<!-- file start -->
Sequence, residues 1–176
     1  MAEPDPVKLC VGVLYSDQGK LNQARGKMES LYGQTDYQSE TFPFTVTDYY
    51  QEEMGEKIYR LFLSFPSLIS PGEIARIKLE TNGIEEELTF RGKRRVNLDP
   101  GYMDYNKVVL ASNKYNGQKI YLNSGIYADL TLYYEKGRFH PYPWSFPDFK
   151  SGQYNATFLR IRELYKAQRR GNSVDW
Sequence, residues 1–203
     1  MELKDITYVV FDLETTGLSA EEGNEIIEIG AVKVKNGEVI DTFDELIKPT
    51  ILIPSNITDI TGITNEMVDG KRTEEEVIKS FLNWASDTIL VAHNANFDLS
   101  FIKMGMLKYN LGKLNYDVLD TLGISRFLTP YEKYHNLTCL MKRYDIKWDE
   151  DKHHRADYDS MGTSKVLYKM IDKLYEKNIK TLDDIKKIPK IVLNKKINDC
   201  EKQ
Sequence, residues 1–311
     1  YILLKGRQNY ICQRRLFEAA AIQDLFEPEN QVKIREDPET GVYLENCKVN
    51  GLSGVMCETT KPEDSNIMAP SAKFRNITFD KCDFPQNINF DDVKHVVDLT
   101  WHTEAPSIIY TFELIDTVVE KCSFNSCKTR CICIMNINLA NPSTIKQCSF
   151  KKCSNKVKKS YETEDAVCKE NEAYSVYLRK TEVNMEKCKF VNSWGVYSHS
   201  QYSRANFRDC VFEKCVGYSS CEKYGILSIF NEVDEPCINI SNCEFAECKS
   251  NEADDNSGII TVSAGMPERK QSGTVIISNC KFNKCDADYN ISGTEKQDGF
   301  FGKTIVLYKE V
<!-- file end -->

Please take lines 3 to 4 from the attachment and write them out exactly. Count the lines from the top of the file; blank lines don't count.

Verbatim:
    51  QEEMGEKIYR LFLSFPSLIS PGEIARIKLE TNGIEEELTF RGKRRVNLDP
   101  GYMDYNKVVL ASNKYNGQKI YLNSGIYADL TLYYEKGRFH PYPWSFPDFK